I would like to say one thing. Sam at Cup has helped my mom and family for years. He gave my mom credit for milk , eggs and bus cards. He and his family and about 15 other neighborhood employees at Cup really work hard and are the longest standing business on that intersection.

I appreciate all the new and old businesses on this intersection and I support as many as I can. Depends on my pay check!!!!

Unknown said...

Thanks for the post! I've lived a few blocks south for just over three years and have been known to get my coffee in Blue Ox and groceries in Cup once in a while. See http://pillsburyhouseandtheatre.org/arts-on-chicago/ for more info on arts stuff happening on Chicago, including that honeycomb mural (that's on the side of the Chicago Ave. Fire Arts Center, btw). Also, I hear that red painted brick building is being turned into a sort of kitchen lab/shared workspace for food businesses that don't have their own pro kitchen, also part of the Arts on Chicago project.

Ironically, my rent went up a substantial amount last fall and I don't know if I'll be able to stay in the neighborhood. I can't tell whether that's gentrification, or just property owners tightening their belt. Hmm.

Anonymous said...

Thanks, Bill, for your article, and posting of comments. It IS very significant that art has come together with the day-to-day world of the 38th and Chicago juncture. Ya know what? I'd just met a man in his 60's way out in rural Wisconsin who told me his parents are buried just up the street from there. It's a small world. For those reading this, Bill appears to be a devotee of the arts, and all kudos to him for that. Art has transcended all race and class differences, as does the corner of 38th and Chicago evolve toward. The folks i know that run Cup Foods, are so ingrained in that neighborhood with love, sweat, and years. Often the owner still sleeps in his office to keep up with busy hours, and has employed people of many backgrounds and races to work as part of the team. Other shops around there have tended to come and go. Mostly, besides the corporate anomaly (SuperAmerica) on the corner, CUP Foods is likely the oldest running business; caring for neighbors there, creating a stopping place for many cultures. Like Bill's article pointed out, the produce section doubles as a place to lean, as you talk with neighbors. The electronics section is one of the most extensive cell phone sales and services places around, as CUP Foods is completely in tune with today's electronic media. Maybe glass blowers are too, though, in their own way. Most importantly, Bill in his more recent post mentioned that he was wishing to bridge the various sorts of people, cultures, and bonds that this neighborhood shares. That's a good thought, Bill, we thank you. America is built upon that idea. Which is to bring all that is diverse together to serve a common good. :-)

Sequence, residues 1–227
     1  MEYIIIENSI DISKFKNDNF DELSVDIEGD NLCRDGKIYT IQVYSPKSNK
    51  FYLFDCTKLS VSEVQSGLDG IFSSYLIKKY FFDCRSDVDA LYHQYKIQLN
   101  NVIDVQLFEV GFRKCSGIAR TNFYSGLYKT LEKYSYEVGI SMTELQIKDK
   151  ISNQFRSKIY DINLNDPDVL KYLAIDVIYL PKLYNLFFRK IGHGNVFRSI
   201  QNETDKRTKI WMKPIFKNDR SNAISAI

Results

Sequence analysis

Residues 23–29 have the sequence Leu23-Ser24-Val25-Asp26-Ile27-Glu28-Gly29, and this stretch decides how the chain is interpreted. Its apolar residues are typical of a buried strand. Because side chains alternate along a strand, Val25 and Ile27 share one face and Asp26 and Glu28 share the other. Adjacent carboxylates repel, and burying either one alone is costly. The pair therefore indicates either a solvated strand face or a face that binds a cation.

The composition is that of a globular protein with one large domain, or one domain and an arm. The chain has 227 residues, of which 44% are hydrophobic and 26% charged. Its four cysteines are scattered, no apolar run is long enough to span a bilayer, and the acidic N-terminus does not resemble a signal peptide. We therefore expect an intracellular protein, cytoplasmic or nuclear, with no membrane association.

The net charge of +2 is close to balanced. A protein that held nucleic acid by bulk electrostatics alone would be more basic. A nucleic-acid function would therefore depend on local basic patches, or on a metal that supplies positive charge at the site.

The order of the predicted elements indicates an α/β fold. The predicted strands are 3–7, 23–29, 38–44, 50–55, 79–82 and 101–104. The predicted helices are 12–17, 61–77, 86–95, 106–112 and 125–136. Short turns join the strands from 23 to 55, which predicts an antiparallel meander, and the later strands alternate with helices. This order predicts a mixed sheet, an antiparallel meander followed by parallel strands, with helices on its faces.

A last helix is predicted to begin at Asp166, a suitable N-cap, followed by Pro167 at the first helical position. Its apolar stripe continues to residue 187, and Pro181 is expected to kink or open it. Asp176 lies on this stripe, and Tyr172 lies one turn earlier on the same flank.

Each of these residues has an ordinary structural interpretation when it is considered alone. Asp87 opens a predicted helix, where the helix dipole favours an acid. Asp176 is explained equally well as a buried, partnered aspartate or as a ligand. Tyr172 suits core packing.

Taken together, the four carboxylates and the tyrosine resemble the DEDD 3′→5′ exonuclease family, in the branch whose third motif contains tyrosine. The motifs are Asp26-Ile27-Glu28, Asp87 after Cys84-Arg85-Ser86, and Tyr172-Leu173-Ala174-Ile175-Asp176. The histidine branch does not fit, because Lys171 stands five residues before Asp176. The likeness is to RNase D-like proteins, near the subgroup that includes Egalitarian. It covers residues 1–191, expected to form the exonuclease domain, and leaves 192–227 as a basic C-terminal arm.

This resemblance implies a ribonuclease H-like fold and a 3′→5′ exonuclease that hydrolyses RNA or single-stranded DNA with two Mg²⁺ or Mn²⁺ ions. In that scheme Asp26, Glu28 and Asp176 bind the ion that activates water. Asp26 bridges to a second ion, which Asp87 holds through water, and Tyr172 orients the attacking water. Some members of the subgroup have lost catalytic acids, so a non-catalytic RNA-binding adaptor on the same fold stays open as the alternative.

Anonymous said...

Who put the last commentor on the payroll? Hilarious, the idea of Sam sleeping in his "office" because he is so busy taking care of business "helping" my neighborhood. Give me a break. He is hightailing it to his $600k house in Roseville, guarenteed.

Powderhorn fan said...

Where, out of the blue, did that last comment come from? I thought this author was writing an article about the evolution of a neighborhood? This isn't a forum for person vendetta, is it? If so, let us know your name, and we'll get started on you next (ha ha!!) Let's keep it positive, and about the neighborhood, please.